Learning Assembly... Why?

I started learning assembly a few weeks ago. Assembly?? Yeah. Assembly.

I've been slinging code for at least a decade. I've written C, Ruby, Basic, Perl, Lisp, Scheme, Haskell, Node/Javascript, Go, Lua and Erlang. I would consider myself proficient in half of those, competent in the other half. I believe strongly in higher-level languages. If you can express what you want to do in as few constructs as possible, why use a less powerful language?

But I always find myself drawn to assembly.

I think the reason lies in the fact that machine code is inescapable. Everything ends up as machine code, because its the one and only language the machine speaks. C is arguably a thin wrapper around assembly, abstracting memory architecture and calling conventions. Interpreted languages like Javascript run through a virtual machine that is itself written in, ultimately, machine code. Though the Perl programmer doesn't sweat memory management, the machine does.

After reading Paul Graham's Beating the Averages, I took up his unwritten challenge to learn and use Lisp. Lisp is a beautifully simple language, and its elegance affords the programmer ultimate flexibility, with a little work. Compared to Lisp, assembly is a constrained, weak language, confined to the few operations the machine understands. Put a bunch of bits here. Put some more bits over there. Check this bit, set that bit. Bits, bits, bits, bits. There are no lists, strings, or objects. Math is confined to the arbitrary size limits of the processor.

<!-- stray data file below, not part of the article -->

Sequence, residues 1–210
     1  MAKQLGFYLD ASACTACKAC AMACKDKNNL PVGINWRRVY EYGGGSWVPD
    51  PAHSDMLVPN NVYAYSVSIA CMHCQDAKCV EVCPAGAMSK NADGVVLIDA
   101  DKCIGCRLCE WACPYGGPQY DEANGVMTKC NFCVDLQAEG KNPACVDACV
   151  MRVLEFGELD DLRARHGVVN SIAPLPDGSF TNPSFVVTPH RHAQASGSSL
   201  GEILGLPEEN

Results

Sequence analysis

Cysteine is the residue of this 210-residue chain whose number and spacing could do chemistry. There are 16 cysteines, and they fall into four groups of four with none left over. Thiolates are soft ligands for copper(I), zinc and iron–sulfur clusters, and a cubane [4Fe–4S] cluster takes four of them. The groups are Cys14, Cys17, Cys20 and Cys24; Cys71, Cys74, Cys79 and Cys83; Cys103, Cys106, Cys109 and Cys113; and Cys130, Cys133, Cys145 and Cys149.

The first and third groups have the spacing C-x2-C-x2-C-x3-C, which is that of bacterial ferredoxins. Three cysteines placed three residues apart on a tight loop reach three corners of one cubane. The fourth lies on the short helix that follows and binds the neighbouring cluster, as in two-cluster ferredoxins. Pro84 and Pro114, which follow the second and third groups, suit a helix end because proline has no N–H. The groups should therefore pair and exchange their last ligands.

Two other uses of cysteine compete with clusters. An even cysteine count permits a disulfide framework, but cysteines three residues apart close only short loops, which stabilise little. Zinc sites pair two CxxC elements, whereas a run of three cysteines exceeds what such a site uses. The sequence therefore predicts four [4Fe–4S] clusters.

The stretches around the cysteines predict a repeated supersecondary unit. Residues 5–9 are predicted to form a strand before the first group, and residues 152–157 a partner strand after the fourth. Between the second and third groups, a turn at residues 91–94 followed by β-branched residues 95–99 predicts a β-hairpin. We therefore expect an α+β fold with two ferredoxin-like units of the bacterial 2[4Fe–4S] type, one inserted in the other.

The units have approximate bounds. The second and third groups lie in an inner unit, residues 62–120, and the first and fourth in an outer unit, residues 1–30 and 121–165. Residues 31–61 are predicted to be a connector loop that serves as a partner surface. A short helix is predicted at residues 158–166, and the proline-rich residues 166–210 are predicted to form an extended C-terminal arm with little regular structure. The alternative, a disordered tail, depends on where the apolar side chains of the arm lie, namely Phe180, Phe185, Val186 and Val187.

And yet a Lisp interpreter is ultimately expressed in terms of these primitives. Assembly is the base. Everything else is just an abstraction.

I didn't set out to learn assembly for the usual reason of performance. What caused me to take the plunge and dive into assembly was language design.

For a personal project, I began writing a domain-specific embedded scripting language. Let's call it Q. Under the hood, Q expressions are implemented as binary parse trees, like most other languages. The parser builds up these trees in memory, and the run-time walks the tree and executes actions for each op-code.

Q functions are expressed as self-contained parse trees that are evaluated for every function call. Named functions are just parse trees linked to one or more symbol tables. Scope is implemented by keeping a stack of symbol tables, one per scope.

What started out as a niche language with specific requirements morphed into a general purpose language. I blame Lisp for this. With a little bit of work and a couple dozen more parentheses here and there, Q could become a Lisp dialect.

Yawn. Boring. How many Lisp-y languages are out there? Ten? Twenty? More? Don't get me wrong, Lisp is awesome. But like other high-level languages (I'm looking at you, Perl/Ruby/Python), it requires an interpreter. Someone wrote some kick-ass program in Erlang? Gotta install the interpreter and standard libraries. Python? Get the interpreter. Ruby? You guessed it, you need an interpreter.

Wouldn't it be awesome to create a language (Yes, yes. I am aware that Go has a unique ability to compile down to machine code.) with the elegance of Lisp and the speed of raw machine code?

Enter assembly.

I figure if I know assembly well enough, translating Q parse trees and symbol tables into machine code should be fairly trivial. Patterns tend to bubble up from the most foundational levels of computer science. Q's design follows the Von Neumann architecture, which maps cleanly to real hardware architectures, and by extension, assembly.

Underlying all of this is my personal drive to learn. Learn anything. Learn everything. It's why I got involved in computers in the first place. And although my logical reason for wanting to learn assembly are shaky at best (do we really need another Lisp? Probably not) the illogical reason is good enough for me.

Why do you pursue your passion?

James (@iamjameshunt) works on the Internet, spends his weekends developing new and interesting bits of software and his nights trying to make sense of research papers.

Currently exploring Kubernetes, as both a floor wax and a dessert topping.